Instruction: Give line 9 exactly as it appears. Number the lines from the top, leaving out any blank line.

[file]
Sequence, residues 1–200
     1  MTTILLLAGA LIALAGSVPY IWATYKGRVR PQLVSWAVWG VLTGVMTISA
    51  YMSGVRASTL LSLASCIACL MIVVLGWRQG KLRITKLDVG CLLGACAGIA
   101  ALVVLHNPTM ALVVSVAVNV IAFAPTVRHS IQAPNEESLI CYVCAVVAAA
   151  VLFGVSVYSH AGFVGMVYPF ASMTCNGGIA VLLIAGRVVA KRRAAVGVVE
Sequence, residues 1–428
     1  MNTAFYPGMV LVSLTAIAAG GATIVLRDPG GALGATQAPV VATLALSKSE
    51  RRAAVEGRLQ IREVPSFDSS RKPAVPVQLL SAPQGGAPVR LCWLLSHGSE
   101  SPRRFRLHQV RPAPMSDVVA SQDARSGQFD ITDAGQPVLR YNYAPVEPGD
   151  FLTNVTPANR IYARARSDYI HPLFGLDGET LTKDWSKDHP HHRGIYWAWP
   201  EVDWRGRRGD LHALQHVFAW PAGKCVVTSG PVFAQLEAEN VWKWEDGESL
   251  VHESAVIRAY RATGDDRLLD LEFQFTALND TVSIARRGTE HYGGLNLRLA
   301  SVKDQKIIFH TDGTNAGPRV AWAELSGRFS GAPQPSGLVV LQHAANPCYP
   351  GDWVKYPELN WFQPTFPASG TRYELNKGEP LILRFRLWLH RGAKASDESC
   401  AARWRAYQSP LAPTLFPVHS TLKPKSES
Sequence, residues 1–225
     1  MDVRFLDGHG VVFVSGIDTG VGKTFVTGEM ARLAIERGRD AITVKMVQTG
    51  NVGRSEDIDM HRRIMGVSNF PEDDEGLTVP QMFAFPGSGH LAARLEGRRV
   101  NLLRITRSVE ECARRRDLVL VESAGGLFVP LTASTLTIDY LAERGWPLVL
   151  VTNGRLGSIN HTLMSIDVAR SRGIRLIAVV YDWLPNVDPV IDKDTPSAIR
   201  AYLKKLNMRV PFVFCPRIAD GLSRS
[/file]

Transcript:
   101  SPRRFRLHQV RPAPMSDVVA SQDARSGQFD ITDAGQPVLR YNYAPVEPGD